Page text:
August 2020

Vol. 47   No. 8
August

 Cover Story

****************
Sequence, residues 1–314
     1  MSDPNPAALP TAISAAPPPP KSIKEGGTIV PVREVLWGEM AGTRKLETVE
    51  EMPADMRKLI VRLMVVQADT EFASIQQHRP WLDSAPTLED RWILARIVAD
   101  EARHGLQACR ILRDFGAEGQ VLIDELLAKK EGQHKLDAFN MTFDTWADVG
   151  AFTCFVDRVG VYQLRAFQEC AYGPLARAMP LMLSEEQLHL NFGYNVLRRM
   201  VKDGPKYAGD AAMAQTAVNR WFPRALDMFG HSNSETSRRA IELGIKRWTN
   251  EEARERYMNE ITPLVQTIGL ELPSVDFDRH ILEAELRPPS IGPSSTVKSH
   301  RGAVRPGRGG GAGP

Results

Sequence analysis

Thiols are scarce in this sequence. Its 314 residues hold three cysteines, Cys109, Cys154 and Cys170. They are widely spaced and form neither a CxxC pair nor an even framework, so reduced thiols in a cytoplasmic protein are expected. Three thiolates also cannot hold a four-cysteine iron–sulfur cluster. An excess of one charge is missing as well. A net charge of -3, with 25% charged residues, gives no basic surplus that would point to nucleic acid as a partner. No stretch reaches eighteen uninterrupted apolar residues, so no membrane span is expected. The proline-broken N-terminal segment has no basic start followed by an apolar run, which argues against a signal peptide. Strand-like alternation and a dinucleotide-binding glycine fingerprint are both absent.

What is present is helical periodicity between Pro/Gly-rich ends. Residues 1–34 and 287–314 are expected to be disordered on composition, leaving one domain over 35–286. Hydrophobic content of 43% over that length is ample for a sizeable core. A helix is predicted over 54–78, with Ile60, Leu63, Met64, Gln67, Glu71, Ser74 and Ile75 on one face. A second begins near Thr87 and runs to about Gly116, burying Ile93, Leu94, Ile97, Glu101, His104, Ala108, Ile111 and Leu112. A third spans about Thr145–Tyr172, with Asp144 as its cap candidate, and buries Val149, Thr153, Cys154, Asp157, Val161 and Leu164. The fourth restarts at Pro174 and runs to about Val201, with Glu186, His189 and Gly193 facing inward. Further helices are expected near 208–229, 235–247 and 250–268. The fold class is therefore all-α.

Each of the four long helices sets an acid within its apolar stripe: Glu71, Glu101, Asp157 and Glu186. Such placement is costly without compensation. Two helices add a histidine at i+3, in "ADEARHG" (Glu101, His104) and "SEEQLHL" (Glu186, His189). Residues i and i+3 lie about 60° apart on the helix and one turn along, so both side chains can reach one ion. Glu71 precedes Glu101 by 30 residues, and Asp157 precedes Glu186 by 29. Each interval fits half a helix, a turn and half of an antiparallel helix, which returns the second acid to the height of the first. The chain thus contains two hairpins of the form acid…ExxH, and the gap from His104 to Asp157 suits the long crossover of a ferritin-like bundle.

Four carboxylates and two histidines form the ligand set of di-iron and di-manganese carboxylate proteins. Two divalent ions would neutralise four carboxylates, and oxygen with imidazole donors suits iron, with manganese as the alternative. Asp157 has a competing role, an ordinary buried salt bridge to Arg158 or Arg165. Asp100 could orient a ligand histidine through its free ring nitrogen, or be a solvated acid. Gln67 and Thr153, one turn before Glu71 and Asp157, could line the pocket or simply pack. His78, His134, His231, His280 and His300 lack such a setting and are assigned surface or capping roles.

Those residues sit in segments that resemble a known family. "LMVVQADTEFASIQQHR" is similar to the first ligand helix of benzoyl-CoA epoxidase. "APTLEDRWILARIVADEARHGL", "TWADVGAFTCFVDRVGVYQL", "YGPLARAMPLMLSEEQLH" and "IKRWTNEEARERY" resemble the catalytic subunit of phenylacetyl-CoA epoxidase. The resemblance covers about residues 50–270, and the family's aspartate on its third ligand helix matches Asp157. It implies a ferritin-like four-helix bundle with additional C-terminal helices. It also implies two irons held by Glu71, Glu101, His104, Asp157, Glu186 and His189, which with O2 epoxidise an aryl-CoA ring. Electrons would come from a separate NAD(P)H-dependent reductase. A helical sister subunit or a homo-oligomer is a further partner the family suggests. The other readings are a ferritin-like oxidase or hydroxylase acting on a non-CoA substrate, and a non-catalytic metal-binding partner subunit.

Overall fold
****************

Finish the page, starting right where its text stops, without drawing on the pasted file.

Shining a New Light on Quality Measureshttps://www.providermagazine.com/Monthly-Issue/2020/August/Pages/Shining-a-New-Light-on-Quality-Measures.aspxShining a New Light on Quality Measures<p>While the COVID pandemic has changed much in post-acute and long term care, efforts to provide quality care and track outcomes, trends, and opportunities for improvement have continued unabated. Facilities didn’t swap quality measures for COVID care, they just added it to what they were already doing. <br></p><p>Yet the pandemic has put a spotlight on how quality is defined, <a href="/Monthly-Issue/2020/August/Pages/Measuring-Quality.aspx">measured,</a> and reimbursed, and it has exposed what works and where changes are needed. <br></p><p>“It is crystal clear that our nursing home residents are a vulnerable population that should not be exposed to the risk of pandemic, either because they are sent to hospitals or emergency rooms [ERs] unnecessarily or because new patients with potential infections are allowed to come into a building that is not yet exposed to the infection,” says Rajeev Kumar, MD, CMD, FACP, chief medical officer at Symbria in Chicago.<br></p><p>“Hopefully, surveyors and CMS [Centers for Medicare & Medicaid Services] will work collaboratively with nursing facilities to minimize bad outcomes, rather than go on a witch hunt to find and use unfortunate outcomes to penalize nursing homes.”<br></p><h2>Measures Matter</h2><p>While nursing facilities continue to document and report on quality measures during the pandemic, the results don’t necessarily present an accurate picture of what is happening within those walls. For example, with hospitals putting moratoriums on elective surgeries such as knee and hip replacements, facilities are seeing fewer short-stay patients.<br></p><p>“Anecdotally, we’ve heard that falls have gone down because residents are less mobile or gone up because of muscle weakening due to being quarantined. We’ve heard that depression has risen because of isolation,” says David Gifford, MD, MPH, chief medical officer and senior vice president of quality and regulatory affairs at the American Health Care Association/National Center for Assisted Living (AHCA/NCAL).<br></p><p>At the same time, he notes, at least one study has suggested that weight loss may be linked to COVID, as the virus causes loss of taste and smell in some patients. <br></p><p>“The pandemic has spotlighted the fact that the quality metrics we use aren’t adequate,” says Michael Wasserman, MD, CMD, a geriatrician and president of the California Society for Post-Acute and Long Term Care Medicine. For instance, infection control and prevention problems are common deficiencies, even in highly rated facilities. During the pandemic, this is complicated by issues such as inadequate staffing, lack of adequate personal protective equipment (PPE), and lack of knowledge and adherence to appropriate use of PPE, he says.<br></p><p>While some quality measures don’t paint an accurate portrait of what has been happening in facilities during the pandemic, others have been illuminating. For instance, data about hospitalizations and ER visits can be telling. Kumar explains, “When most people are afraid to go to hospitals because of the very real risk of exposure, ER and hospital/urgent care visits need to be reduced at all costs. If there is a surge in such visits from nursing facilities, something is not right.” <br></p><p>Quality metrics related to vaccinations also have been worthy of attention. “Flu and pneumococcal vaccinations need to be provided in a timely manner to all vulnerable seniors. An acute respiratory illness increases the risk of hospitalization and, perhaps, a concurrent infection with COVID,” says Kumar. By having documentation regarding vaccinations, it ultimately will demonstrate to surveyors, payers, and others that the facility has made every effort to protect residents from infections and outbreaks.<br></p><h2>Isolation and Mental Health</h2><p>Pamela Truscott, MSN, RN, DNS-CT, QCP, senior manager of clinical & regulatory services for AHCA, notes, “We don’t have data, but it’s apparent that isolation has had a significant impact on behavioral and mental health issues such as increased depression, anxiety, and behaviors.” While data regarding these issues don’t necessarily reflect on quality of care, they do point to the impact of not allowing residents to have their in-person support systems during a pandemic. <br></p><p>“There definitely needs to be more thought about visitor restrictions. We have heard from many centers about this, and it will require some attention moving forward,” she says.<br></p><p>The pandemic has exposed the importance of assessing quality-of-life-related issues, something that currently isn’t optimized. “Man is a social animal. It is important to provide socialization and person-centered care for residents, even when they are isolated,” Kumar says. “We need to collaborate to make the long term care experience better for residents and staff. We need to find ways to make that happen and ways to measure the impact.”<br></p><h2>What’s New From CMS</h2><p>CMS has taken several steps to help make documentation and quality reporting easier for facilities during the pandemic. The Skilled Nursing Facility Quality Reporting Program (SNF QRP) quality measurement reporting requirement was waived from Oct. 1, 2019, through June 30, 2020, and the Value-Based Payment (VBP) program was waived for the first two quarters of 2020. Kumar says that both are likely to be extended as COVID continues to affect SNFs. At the same time, to offset additional COVID-related expenses, CMS has allocated $4.9 billion in relief to SNFs.<br></p><p>While CMS issued a blanket waiver related to 42 CFR 483.70(q) requiring all SNFs to submit staffing data through the Payroll-Based Journal (PBJ) system, the agency has announced its plans to end the waiver. Providers were required to submit data through PBJ for the second quarter of the year (April-June) on August 14.<br></p><p>According to CMS, “The blanket waiver was intended to temporarily allow the agency to concentrate efforts on combating COVID-19 and reduce administrative burden on nursing homes so they could focus on patient health and safety during this public health emergency.” <br></p><p>AHCA has expressed appreciation for the reporting flexibility CMS has afforded but emphasized that the fight against the virus is far from over and that practitioners need continued support from the federal government. <br></p><p>For instance, Kumar notes, “PBJ is a challenge with staffing shortages nationwide. Anxiety and depression will likely be higher, and functional improvement is more difficult to achieve with reduction in therapy services to minimize the spread of infection.”<br></p><h2>Not New But Still Notable</h2><p>While efforts to address COVID-19 are and must be a top priority, other acute and chronic conditions continue to require attention. While some conditions are being monitored via telemedicine, “fewer encounters are happening via telemedicine as they were early on in the pandemic,” says Steven Buslovich, MD, CMD, MSHCPM, a New York-based geriatrician and frailty expert. For instance, he says, facilities still have rehab staff in the building, and they are providing services in traditional safe ways. <br></p><p>In terms of other issues such as wound care, Buslovich says, it is difficult to cover them remotely. “You can perform some triage virtually and watch to ensure dressing changes and wound cleaning are being done appropriately. But for the most part, wound care still persists the way it was handled previously.” <br></p><p>Nonetheless, despite best efforts, he says, “From a quality perspective, wound data are likely to take a hit. Wound quality is likely to trigger because of confinement and isolation that lead to less activity and pressure wounds developing. At the same time, most residents who get sick with COVID are bedridden until they recover, and this can contribute to pressure ulcer development.”<br></p><p>It will be essential to document what is being done to prevent wounds and manage existing injuries. When quality data and quality of care don’t match up, this documentation will be key to showing the unavoidable impact of the pandemic on wounds.<br></p><h2>Group Like Patients</h2><p>As for other specialized care, Buslovich says, an effort to group COVID patients separately so that practitioners and staff can focus on other issues seems to be an effective strategy. For instance, he notes that one of his facilities has pediatrics and ventilation units, both of which at press time had remained COVID-free.<br></p><p>“The most important thing we need to keep in mind is that while the focus is on COVID, there are other problems we need to address, and we need to have adequate nursing staff to care for these patients,” he says.<br></p><p>Nonetheless, it is important to realize that there has been an undeniable impact of COVID on chronic conditions, says David Smith, MD, CMD, president of Geriatric Consultants in Brownwood, Texas. “The bar on the quality of care has moved. It is impossible to deliver the same care in the COVID era as in the pre-COVID world,” he says. “The definition of quality—the equation of benefit and risk—has shifted. COVID has impacted everything.”<br></p><p>As facilities slowly reopen, they will need to develop ways to measure quality in the new normal. This may include assessing frailty in residents, identifying those at high risk for falls and other problems, providing enhanced resources, and maximizing access to telemedicine and other technologies.<br></p><h2>Making Long Term Care a Priority</h2><p>Throughout the pandemic, hospitals have often been praised for their heroic efforts while nursing facilities have been vilified, as the media and others often attributed the high rate of COVID-related illnesses and deaths in them to poor quality.<br></p><p>“When this pandemic started, it was demonstrated early on that long term care was not a top priority, even though we heard repeatedly that the older population was at higher risk with more morbidity and mortality,” says Gifford. “All of the attention was on hospitals; long term care wasn’t a priority. We’ve been asking to be put at the top of the list for a COVID vaccine when it’s available, but I’m worried that we will find ourselves No. 2 on the list as we did for testing and PPE.” <br></p><p>Truscott says, “One thing is that there has been a considerable amount of underfunding for long term care centers. If we are to provide adequate care to this most vulnerable population, we need adequate funding and reimbursement.”<br></p><p>John Bowblis, PhD, professor of economics in the Farmer School of Business and research fellow with the Scripps Gerontology Center at the Miami University of Ohio, agrees, noting, “When facilities don’t have the resources to invest in things they need—such as PPE and testing—they can only do so much.”<br></p><h2>PPE and Quality</h2><p>“Nothing matters more than PPE. If you don’t have PPE, you can’t fight this virus. I don’t care how good you are. Abundant PPE trumps everything,” says Wasserman.</p><p>The impact of limited availability of PPE on quality has been undeniable. “Our state and federal governments need to do more to provide ready access to PPE and testing capabilities to assure residents’ safety. They need to partner with nursing facilities, rather than increasing scrutiny and penalizing minor or imaginary breaches,” he says.<br></p><p>In June, David Grabowski, PhD, professor of health care policy, Department of Health Care Policy of Harvard University Medical School, gave testimony before congressional committees and spoke explicitly about PPE. He called for nationalizing the production of equipment and for the government to take responsibility for testing.<br></p><p>In his written testimony, he said, “The federal government should implement and order universal testing of staff and residents in all U.S. nursing homes. And this can’t be a one-off. We need a surveillance program that regularly tests staff and residents in order to identify new cases as they emerge.”<br></p><p>At these hearings, frontline workers spoke of their desperate need for PPE. Melinda Haschak, a licensed practical nurse at a Connecticut nursing facility, says, “While I appreciate the donations of food and the occasional pizza party we receive, my co-workers and I don’t need a pizza party—we need PPE.”<br></p><h2>Will There Be Survey Surprises?</h2><p>Everyone is wrestling with how to define and measure quality in light of the pandemic. In March, CMS announced that it was suspending survey activity for certain nonemergency state survey inspections. At the same time, the agency stressed that it would immediately focus inspections on compliance with federal infection control policies. In June, CMS released new expectations for updated inspections and surveys (including issues such as resident abuse) without offering a specific timeline for when nonemergency surveys will resume.<br></p><p>Also in June, the federal government unveiled increased civil monetary penalties for nursing facilities with “patterns” of infection-related deficiencies. <br></p><p>In a statement at the time, CMS Administrator Seema Verma said, “While many nursing homes have performed well and demonstrated that it’s entirely possible to keep nursing home patients safe, we are outlining new instructions for state survey agencies and enforcement actions for nursing homes that are not following federal safety requirements.”<br></p><p>Kumar says, “CMS has stated that surveys will focus on infection control as a priority. No one could have known how COVID would affect us. What are facilities to do? People are doing the best they can in a never-foreseen pandemic. We appreciate and need the support of government agencies during these difficult times. However, CMS and HHS [Department of Health and Human Services] policies have changed frequently, and it’s challenging to stay on top of these policies and prepare for surveys moving forward.”<br></p><p>According to Bowblis, “Useful measures of quality need to measure how care is provided over the long-term. Right now with COVID, we don’t know what is ‘good’ quality or what any particular quality measure means. And we don’t know how surveyors will interpret COVID-related quality.” Until the regulatory process gets back to normal, surveys and deficiency citations that are issued may not be reflective of the care facilities are providing, he says.<br></p><h2>Teaching an Element</h2><p>Nonetheless, there is some optimism about surveys. “I think that the survey regulatory approach has been much more targeted and focused on helping providers learn how to do things differently,” Gifford says. “On the whole, we’ve seen a shift in survey processes on providing feedback and education on how to do things better so that care teams are more confident.” He adds, “We have seen a recognition in some areas that sometimes even when you do things right, things can go wrong.”<br></p><p>The best way to ready a facility for surveys, Kumar suggests, is to document everything staff are doing for residents in great detail. However, even more important, he says, “Have solid best practices and policies in place.” <br></p><p>Elsewhere, reach out to state and local health departments and seek guidance and industry-specific information from the Centers for Disease Control and Prevention and professional organizations such as AHCA/NCAL. “Employ interdisciplinary, collaborative approaches, and use all resources available to stay on top of evolving research, policies, and guidelines related to COVID-19,” Kumar says. <br></p><p>“It’s important to know what areas surveyors will be targeting. Make sure you’re doing a good job in those, and document what you’ve done,” Bowblis adds. Elsewhere, he suggests, “there is a need to communicate to consumers what is occurring in the industry and to help them understand that in the context of COVID, publicly reported quality data may not be reflective of what is happening in a facility for some time.”<br></p><h2>Leadership Matters</h2><p>COVID clarified another point about quality, Wasserman says. “One thing we see is that poor leadership leads to poor outcomes. Certain staffing needs, as well as process measures that indicate strong leadership, are things we need to look at,” he says. <br></p><p>The industry needs good directors of nursing, administrators, and medical directors, he says. At the very least, it needs nursing leadership 24/7. “I believe that QAPI [quality assurance process improvement] when done as a team effort can help you identify where your concerns are. Then you can think, act, and work on it as a team. That is where the focus has to be for quality improvement to work and create real system and culture change.” <br></p><h2>Looking Ahead</h2><p>The future is more uncertain than ever, as the COVID pandemic continues and spikes in cases come in waves. It will be interesting to see what impact various CMS initiatives to address infections and outbreaks may have. For instance, in June, the agency announced the establishment of a Coronavirus Commission on Nursing Home Safety and Quality.<br></p><p>This body will conduct a comprehensive assessment of the overall response to the COVID pandemic in nursing facilities. Based on its assessments, the commission will make recommendations on actions and best practices for immediate and future actions. <br></p><p>The key areas of focus for the commission will include ensuring that residents are protected from COVID-19 and improving the responsiveness of care delivery to maximize quality of life. The group also will address efforts to enable rapid and effective identification and mitigation of virus transmission in nursing facilities. The commission includes members of AHCA and AMDA – The Society for Post-Acute and Long-Term Care Medicine.<br></p><h2>Will the Changes Stick?</h2><p>At the same time, Buslovich notes, “We are seeing lightning-speed revisions to regulations—such as changes regarding provision of services, infection control, and the use of telemedicine—that were impeding care and serving as disincentives to do what is right. Hopefully, moving forward we will have a greater voice in deciding what is important for our patients and our communities.” <br></p><p>At the same time, says Gifford, the pandemic has brought out more technology and ways to use it, and it will be interesting to see if policymakers and payers continue to support these efforts, either via funding or reimbursement. Waivers regarding technology and other issues regarding paperwork and documentation have had a mostly positive impact on care, and Gifford and others are hopeful that this will factor into regulatory changes moving forward. <br></p><p>“Any emergency unmasks general problems, but we don’t want to throw the baby out with the bath water,” he says. <br></p><p>“Quality measures in general have been driven by the tail wagging the dog approach. We need to look at the data we have and find ways to measure what is important to residents and families.” </p><p>Read more: <a href="/Monthly-Issue/2020/August/Pages/Quality-Ratings-and-COVID-What’s-the-Relationship.aspx">Quality Ratings and COVID: What's the Relationship?</a><br><br><em>Joanne Kaldy is a freelance writer and communications consultant based in Harrisburg, Va.</em><br>​</p>The pandemic has changed the ground rules for defining, measuring, and reimbursing quality.2020-08-01T04:00:00Z<img alt="" src="/Monthly-Issue/2020/August/PublishingImages/coverstory.jpg" style="BORDER:0px solid;" />COVID-19;Quality